This book examines the mechanisms and functions of tonic immobility, the so-called death feigning behaviour, or thanatosis, or animal hypnosis. The chapters cover the neurophysiological and experimental studies on insects, the functional significance of death-feigning, examination of the freezing and immobility behaviour in insects through environment, physiology, genetics, and responses to ultrasound and vibration. It also covers tonic immobility and freezing behaviour in fish from the perspective of vertebrates study.
Tonic immobility is an interesting behaviour that occurs reflexively in various animals under physical restraint by predators. The physiological mechanism of thanatosis was extensively investigated during 1960-1980. Researchers have proposed hypotheses to explain the mechanism underlying tonic immobility in vertebrates; local inhibition of the central nervous system, acceleration of the limbic system, abnormal control of the autonomic nervous system. On the other hand, the peripheral and central mechanisms of tonic immobility were intensely investigated at a behavioural and a neuronal level in stick insects and crickets. In the 1970s, behavioural ecology has shed light on the aspect of an ultimate factor for tonic immobility. Ethologists and ecologists challenged this matter in the laboratory and natural habitats, and have collected evidence for its functional roles using mainly insects such as beetles, moths, locusts. More recently, studies of tonic immobility in humans are drawing attention, as clinicians are trying to explain the defencelessness of rape victims from the viewpoint of animal hypnosis.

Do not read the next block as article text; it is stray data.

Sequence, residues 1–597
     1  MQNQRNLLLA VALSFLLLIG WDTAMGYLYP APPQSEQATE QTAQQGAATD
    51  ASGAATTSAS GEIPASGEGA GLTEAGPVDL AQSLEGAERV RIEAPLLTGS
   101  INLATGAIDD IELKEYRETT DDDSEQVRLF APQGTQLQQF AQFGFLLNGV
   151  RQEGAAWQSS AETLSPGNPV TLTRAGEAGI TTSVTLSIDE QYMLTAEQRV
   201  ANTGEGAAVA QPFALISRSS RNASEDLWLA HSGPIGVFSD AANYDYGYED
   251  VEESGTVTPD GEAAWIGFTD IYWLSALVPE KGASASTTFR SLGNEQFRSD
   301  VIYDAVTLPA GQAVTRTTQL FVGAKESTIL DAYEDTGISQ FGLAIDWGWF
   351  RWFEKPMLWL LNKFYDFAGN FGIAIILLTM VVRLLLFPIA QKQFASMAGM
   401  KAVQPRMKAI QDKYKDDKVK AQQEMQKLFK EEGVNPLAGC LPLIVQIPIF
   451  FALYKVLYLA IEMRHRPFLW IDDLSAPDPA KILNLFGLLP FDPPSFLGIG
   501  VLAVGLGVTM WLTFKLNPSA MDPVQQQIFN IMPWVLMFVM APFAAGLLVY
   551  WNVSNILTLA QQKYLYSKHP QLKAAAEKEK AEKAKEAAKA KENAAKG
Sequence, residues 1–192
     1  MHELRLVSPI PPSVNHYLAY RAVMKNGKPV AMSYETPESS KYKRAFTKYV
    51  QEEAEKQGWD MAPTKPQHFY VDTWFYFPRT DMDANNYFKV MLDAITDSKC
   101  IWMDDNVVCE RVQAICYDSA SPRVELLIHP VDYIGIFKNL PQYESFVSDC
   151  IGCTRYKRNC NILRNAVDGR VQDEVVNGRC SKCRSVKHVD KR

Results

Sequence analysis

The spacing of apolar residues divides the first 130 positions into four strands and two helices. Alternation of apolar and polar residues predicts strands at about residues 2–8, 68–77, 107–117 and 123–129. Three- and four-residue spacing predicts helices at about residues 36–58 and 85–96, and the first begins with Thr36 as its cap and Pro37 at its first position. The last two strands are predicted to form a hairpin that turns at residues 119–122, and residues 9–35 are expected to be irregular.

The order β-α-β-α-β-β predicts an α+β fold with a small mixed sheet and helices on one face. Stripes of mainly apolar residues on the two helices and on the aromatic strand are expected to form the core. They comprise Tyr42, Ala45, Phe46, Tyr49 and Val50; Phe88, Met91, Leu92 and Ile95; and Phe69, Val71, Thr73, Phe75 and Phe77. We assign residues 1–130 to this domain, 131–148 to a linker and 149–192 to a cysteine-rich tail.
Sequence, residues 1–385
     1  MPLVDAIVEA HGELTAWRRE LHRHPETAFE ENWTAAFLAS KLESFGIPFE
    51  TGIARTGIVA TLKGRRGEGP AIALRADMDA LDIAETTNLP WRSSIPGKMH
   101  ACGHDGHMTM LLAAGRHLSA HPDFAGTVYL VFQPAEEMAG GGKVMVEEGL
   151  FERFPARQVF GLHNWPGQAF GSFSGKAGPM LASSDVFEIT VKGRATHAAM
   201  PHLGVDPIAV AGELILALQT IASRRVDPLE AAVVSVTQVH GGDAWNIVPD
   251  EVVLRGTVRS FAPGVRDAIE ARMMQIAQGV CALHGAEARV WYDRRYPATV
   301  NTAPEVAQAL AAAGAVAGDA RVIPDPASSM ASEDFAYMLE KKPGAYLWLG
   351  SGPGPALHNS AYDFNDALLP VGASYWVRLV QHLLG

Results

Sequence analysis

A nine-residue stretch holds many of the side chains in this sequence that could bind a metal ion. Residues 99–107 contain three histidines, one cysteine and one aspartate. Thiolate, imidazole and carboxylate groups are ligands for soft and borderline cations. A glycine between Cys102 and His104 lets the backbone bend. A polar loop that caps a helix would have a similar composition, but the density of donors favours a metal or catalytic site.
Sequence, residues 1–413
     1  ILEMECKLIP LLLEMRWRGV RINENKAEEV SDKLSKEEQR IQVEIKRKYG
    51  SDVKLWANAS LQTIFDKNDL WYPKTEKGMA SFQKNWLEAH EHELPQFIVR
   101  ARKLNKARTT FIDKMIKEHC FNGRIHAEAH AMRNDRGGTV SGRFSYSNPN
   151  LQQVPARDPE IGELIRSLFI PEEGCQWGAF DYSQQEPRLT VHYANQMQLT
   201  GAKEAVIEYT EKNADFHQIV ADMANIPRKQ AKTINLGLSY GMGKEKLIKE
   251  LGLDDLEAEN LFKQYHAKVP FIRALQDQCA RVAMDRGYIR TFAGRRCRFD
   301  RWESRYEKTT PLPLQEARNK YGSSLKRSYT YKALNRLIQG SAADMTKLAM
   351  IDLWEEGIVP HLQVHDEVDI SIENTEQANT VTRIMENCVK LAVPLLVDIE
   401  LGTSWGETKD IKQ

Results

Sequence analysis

This timely publication provides an understanding of the past and present research of the mechanisms and functions of tonic immobility. Death-Feigning in Insects is intended for researchers and undergraduate/ graduate students in the field of zoology including physiology, ethology, ecology, and human behaviour. It will also appeal to the public audience who has an interest in animal behaviour, including human behaviour.